Sitting behind a desk and computer isn’t Larry’s style. He has personally been involved or installed his technologies in projects in the United States, Canada, Mexico, Germany, Argentina, Singapore and Australia. As his businesses have grown, so has his devotion to sharing his knowledge and experience with others who are entering the trenchless field. He is a longtime member of several leading industry associations — NASSCO, NASTT, ISTT, MSTT, WEF, ASTM, AWWA and ASCE — and uses his time to lead seminars and training courses, as well as write industry standards.

It is for all of his lifelong professional accomplishments, innovations and dedication to education that Larry Kiest Jr. is the 2013 Trenchless Technology Person of the Year — a true advocate for an industry that has propelled him to an extraordinary professional life.

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SITTINGBEHIND A DESK ISN’T LARRY KIEST JR.’S STYLE. HE CAN BE FOUND ON THE JOBSITE ANYWHERE HE IS NEEDED.“While the trenchless industry is vast, they are immersed in it on a national level attending workshops and conference events; you discover a small core of individuals whom you respect. Larry’s innovation, integrity and energy in the pursuit of trenchless solutions make him unique,” says longtime friend and colleague John Jurgens of Trenchless Resources International.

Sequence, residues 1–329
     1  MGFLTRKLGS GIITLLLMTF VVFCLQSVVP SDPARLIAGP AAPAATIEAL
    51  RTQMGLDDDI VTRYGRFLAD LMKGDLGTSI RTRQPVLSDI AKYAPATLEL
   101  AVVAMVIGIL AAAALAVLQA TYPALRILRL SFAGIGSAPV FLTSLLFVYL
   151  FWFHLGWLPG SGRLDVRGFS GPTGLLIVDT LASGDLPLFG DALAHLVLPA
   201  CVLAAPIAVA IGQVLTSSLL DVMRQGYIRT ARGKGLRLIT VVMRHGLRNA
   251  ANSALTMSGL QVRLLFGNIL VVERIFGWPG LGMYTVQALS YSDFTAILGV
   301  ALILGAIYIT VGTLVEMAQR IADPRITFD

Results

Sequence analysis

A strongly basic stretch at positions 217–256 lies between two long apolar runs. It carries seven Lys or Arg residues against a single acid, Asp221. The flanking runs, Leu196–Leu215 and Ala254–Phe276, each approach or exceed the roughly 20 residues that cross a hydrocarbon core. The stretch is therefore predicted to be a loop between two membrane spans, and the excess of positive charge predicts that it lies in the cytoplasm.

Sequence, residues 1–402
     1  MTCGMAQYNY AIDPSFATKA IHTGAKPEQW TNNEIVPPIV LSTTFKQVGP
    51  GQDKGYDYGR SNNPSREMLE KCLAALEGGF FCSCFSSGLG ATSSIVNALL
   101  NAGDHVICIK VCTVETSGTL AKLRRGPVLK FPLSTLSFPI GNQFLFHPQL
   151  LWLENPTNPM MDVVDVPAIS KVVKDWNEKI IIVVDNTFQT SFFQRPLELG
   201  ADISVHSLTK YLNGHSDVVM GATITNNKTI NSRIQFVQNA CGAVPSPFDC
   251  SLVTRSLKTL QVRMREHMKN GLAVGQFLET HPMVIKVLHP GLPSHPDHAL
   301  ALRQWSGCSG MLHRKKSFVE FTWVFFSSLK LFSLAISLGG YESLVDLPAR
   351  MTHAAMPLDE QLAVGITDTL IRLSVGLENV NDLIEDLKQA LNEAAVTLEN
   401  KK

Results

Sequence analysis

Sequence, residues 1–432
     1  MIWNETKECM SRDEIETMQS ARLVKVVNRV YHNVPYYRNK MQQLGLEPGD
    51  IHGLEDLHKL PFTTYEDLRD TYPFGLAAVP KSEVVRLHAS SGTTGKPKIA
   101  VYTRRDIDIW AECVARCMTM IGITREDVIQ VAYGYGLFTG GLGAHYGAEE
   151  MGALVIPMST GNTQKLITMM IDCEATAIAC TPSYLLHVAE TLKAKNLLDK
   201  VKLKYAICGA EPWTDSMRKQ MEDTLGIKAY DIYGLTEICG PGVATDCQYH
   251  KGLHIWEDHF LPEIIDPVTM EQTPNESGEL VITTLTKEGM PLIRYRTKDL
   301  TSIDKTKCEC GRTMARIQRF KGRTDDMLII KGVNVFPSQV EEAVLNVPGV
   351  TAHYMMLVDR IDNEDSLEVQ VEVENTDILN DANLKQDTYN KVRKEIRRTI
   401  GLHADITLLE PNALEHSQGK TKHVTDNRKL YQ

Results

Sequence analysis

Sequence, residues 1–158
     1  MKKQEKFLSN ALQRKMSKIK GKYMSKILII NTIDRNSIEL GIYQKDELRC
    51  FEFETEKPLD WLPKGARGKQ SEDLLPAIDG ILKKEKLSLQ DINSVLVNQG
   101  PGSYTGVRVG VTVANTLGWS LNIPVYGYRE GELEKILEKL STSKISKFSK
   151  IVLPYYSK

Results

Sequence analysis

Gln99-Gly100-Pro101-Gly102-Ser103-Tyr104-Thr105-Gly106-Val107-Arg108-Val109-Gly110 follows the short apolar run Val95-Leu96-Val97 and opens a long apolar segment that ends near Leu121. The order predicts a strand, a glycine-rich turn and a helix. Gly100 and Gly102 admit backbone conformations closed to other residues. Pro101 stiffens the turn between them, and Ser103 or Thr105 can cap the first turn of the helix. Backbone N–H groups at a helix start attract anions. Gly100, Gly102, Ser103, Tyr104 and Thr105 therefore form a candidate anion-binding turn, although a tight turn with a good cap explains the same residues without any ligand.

“Most of you know that Larry has the gift of creativity; however, he also has the remarkable gift of turning dreams into reality. Knowing him as well as I do, I can say that his greatest gift is not the gift of creativity. It is his faith. His faith that hard work and perseverance can make his dreams come true,” says AP/M Permaform president Bill Shook, who first met Larry Kiest Jr. in 1991.

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“Our trenchless industry is in its infancy and many of its pioneers and innovators are still active today. A distinguished list of leaders have been recognized in previous years with this high honor. It is all together fitting that Larry Kiest Jr. receives this recognition for his contribution to our industry as the 2013 Person of the Year,” Shook adds.

Personal History